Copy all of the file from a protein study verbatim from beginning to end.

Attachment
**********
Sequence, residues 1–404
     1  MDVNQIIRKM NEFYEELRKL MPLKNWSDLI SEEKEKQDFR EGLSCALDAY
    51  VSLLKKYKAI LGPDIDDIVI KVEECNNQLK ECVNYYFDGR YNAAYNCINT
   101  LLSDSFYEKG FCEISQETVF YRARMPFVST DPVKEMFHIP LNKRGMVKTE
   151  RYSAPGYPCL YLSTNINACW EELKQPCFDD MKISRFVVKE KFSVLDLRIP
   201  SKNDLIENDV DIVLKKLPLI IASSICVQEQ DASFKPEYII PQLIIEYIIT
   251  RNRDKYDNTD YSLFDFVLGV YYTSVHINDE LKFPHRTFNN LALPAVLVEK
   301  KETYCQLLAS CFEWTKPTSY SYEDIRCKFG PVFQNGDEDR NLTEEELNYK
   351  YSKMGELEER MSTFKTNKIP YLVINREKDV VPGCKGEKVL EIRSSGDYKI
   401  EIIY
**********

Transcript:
Sequence, residues 1–404
     1  MDVNQIIRKM NEFYEELRKL MPLKNWSDLI SEEKEKQDFR EGLSCALDAY
    51  VSLLKKYKAI LGPDIDDIVI KVEECNNQLK ECVNYYFDGR YNAAYNCINT
   101  LLSDSFYEKG FCEISQETVF YRARMPFVST DPVKEMFHIP LNKRGMVKTE
   151  RYSAPGYPCL YLSTNINACW EELKQPCFDD MKISRFVVKE KFSVLDLRIP
   201  SKNDLIENDV DIVLKKLPLI IASSICVQEQ DASFKPEYII PQLIIEYIIT
   251  RNRDKYDNTD YSLFDFVLGV YYTSVHINDE LKFPHRTFNN LALPAVLVEK
   301  KETYCQLLAS CFEWTKPTSY SYEDIRCKFG PVFQNGDEDR NLTEEELNYK
   351  YSKMGELEER MSTFKTNKIP YLVINREKDV VPGCKGEKVL EIRSSGDYKI
   401  EIIY